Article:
A Lesson from Pop on a Dying Trade
Felling timber, one of the most dangerous jobs in America
Pop told me before I cranked the saw up: “You can do it, just listen to me and stay after it.”
His old Super Pro 81 McCulloch chainsaw was heavy, and it sounded like a dirt bike on steroids. If you ever see one of those old saws, go buy a Husqvarna or Stihl you’ll thank me later. You have to be tough to crank that sucker, even more to run it.
Pop had found an old hickory nut tree that the wind had leaned over and pulled the roots. He knew it wouldn’t make it through the summer, and for some reason he thought I was ready to start learning something he had done all his life.
Cutting a “footlog”
Pop raised Redbone Coonhounds all his life. Things can get pretty rough when your dog crosses water. To get from one side of a creek to the other you only had a few options.
You could try to wade across or swim. We also kept a few trees across the creek so we could walk from one side to the other. I don’t think I have to tell you that walking footlogs over water is dangerous business. But getting from one side of a creek to the other is serious, too.
What we were about to do that day was nothing to Pop. Being a log cutter was something etched into my family history.
My great grandpa used crosscut saws and sharp axes to fall timber. My grandpa Pop had witnessed those days and the evolution of the power saws we all know today. He did it all. He worked felling timber all over Saline River bottoms.
That Old Hickory
Pop walked me through it. I pulled out the choke lever, gave the crank rope a solid pull. Nothing. I pulled it again and that thing hit. I just about broke my nose as the crank rope jerked back in.
Those old McCullochs were known to jerk the crank rope out of your hand when they started to crank up. Pop let me learn that one the hard way. I can still remember Pop grinning. I pushed the choke in and yanked it again, and it was running. He told me, “Push that oiler button a few times, then saw in there until I tell you to stop.” “I’ll flag you.”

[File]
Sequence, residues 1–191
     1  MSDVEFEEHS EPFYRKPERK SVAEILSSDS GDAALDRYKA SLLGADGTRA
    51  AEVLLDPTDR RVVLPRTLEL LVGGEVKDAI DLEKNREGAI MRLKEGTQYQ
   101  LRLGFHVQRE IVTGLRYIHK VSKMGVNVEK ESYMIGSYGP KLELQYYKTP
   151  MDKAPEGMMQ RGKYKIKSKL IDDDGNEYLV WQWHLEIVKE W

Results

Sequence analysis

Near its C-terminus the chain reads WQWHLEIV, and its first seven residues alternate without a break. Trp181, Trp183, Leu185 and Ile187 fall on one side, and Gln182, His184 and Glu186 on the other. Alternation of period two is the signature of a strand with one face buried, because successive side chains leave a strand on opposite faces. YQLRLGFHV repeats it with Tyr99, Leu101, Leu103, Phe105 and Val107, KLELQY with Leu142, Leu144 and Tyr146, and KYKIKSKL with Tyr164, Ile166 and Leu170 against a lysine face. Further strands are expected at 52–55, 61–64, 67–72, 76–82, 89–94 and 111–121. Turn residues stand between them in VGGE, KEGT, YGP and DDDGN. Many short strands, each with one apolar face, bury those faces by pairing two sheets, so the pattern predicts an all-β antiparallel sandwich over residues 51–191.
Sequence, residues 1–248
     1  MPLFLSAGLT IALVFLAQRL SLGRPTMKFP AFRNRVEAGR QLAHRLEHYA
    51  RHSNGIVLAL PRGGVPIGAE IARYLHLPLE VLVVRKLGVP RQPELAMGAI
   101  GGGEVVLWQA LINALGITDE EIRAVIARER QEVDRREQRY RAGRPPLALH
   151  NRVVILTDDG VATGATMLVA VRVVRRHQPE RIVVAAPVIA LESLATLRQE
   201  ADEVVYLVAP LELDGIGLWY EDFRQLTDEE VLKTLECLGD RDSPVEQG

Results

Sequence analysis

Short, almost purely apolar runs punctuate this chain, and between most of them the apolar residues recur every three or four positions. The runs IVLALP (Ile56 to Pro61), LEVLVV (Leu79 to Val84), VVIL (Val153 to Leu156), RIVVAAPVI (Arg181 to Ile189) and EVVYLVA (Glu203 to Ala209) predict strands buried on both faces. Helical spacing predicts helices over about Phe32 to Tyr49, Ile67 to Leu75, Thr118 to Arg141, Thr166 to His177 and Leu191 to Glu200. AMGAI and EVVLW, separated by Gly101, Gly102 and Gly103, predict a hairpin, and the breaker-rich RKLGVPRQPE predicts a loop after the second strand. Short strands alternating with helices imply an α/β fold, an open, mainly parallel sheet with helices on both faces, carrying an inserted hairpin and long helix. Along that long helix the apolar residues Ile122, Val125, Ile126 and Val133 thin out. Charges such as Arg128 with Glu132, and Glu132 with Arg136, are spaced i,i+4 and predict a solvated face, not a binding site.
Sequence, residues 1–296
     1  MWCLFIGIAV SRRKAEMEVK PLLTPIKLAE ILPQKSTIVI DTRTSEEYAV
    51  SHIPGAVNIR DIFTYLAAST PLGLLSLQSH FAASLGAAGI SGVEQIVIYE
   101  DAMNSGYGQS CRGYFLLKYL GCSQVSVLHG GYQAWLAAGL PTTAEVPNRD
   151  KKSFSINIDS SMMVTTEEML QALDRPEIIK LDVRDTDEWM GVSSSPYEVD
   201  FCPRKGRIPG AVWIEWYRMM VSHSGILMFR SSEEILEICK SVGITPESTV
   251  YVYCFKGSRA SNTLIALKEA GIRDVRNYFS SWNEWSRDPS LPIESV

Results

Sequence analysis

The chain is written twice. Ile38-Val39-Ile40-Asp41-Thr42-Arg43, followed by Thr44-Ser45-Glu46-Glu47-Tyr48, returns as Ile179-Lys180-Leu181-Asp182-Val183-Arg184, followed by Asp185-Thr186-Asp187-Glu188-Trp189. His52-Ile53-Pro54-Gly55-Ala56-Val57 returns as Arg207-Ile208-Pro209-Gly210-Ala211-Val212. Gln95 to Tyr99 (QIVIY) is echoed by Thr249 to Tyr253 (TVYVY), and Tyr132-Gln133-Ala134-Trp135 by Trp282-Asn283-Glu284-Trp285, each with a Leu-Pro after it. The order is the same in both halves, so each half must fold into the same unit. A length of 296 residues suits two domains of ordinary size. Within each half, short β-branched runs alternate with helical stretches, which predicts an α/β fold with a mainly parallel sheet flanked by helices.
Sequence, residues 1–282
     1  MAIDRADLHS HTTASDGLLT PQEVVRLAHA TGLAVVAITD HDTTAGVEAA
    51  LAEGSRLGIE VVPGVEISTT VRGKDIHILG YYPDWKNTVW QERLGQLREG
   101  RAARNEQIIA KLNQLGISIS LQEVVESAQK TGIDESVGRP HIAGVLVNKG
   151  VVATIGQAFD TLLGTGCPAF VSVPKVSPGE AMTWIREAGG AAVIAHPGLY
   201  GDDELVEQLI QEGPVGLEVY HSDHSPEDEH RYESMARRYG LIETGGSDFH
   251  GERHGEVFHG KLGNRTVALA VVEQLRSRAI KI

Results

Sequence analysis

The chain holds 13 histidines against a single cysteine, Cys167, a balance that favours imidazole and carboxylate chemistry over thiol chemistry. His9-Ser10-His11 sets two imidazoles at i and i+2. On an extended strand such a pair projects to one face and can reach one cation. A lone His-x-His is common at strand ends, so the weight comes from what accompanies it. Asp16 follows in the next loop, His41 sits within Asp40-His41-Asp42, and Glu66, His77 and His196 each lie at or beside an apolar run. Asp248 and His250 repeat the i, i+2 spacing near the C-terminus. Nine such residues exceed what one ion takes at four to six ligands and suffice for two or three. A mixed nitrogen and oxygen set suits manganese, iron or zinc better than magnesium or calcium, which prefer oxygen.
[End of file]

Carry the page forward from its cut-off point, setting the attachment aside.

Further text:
With my heart pumping hard I started sawing. I kept my eye on Pop, glancing over at him, and after a few seconds of sawing he waved me off. Next he had me cut a notch out. He told me where and I did it. A notch relieves a little pressure and helps to guide the tree while falling. I had seen my dad do it thousands of times. He was a log cutter, too.
He told me “when you start sawing the tree down, watch the gap where your bar is at and when you see it starting to open up, keep sawing.” He pointed to my first cut, “stop cutting when you get about an inch from that cut, and get out of the way.”
That’s exactly what I did. That tree popped and cracked as I was sawing. But I listened to what he told me and that tree fell right where it was supposed to. The butt stayed on the bank, and the top landed on the other side of the creek.
Looking back on it now, I just laugh but in those seconds of my life I was scared. But I learned something valuable that summer day, Pop taught me a trade.
Sawing logs with a chainsaw in South Arkansas has been mostly replaced by machines. But over the years I have been able to do something most loggers today cannot do. And that’s safely take down large timber that the machines can’t handle. Timber kept food on the table and allowed me to raise my family. I’m forever grateful for Pop’s lesson.
Here’s an example of me felling from a couple of years ago on an ash tree. Ash trees throughout Arkansas have succumb to the Ash Borer, an insect, and died off. This tree was on its way out so I cut it before it became dangerous to put it on the ground. No one needs to saw a tree with dead limbs above their heads.
If you want to see what not to do when felling a tree, YouTube has “epic fail” or “when things go wrong videos” that are quite entertaining.
There’s been many men maimed and killed from felling timber. Limbs hanging above a saw hand is a serious threat. All too often folks sawing timber get hurt. Whether they don't see a widowmaker limb hanging above them, or they take a risk hoping the hanging limb will stay while they're under it.
Imagine cutting a tree down with other trees standing nearby. As the tree falls, it's breaking limbs off the standing trees , sometimes leaving hanging limbs — widowmakers — above you waiting to fall.
I mentioned YouTube earlier. I’m sure you can find videos showing trees busting to pieces from inexperienced people, and small saws coupled with dull chains that lead to a disaster.
I’ve buried a 066 Stihl chainsaw into some of South Arkansas’ largest timber. You have to be half crazy or have a lot of nerve to do it for a living. When mistakes are made all to often tragedy follows.
As we head into tornado season in Arkansas, remember that trees can, and do kill, folks.
When it’s time to take down a tree call a professional. It may seem cheaper to let the neighbor cut it or buy a saw and watch a video to learn. But trust me when I tell you, I’ve been sawing down trees ever since Pop had me cut that footlog. I learn something new every single time I pull the crank rope to get started.
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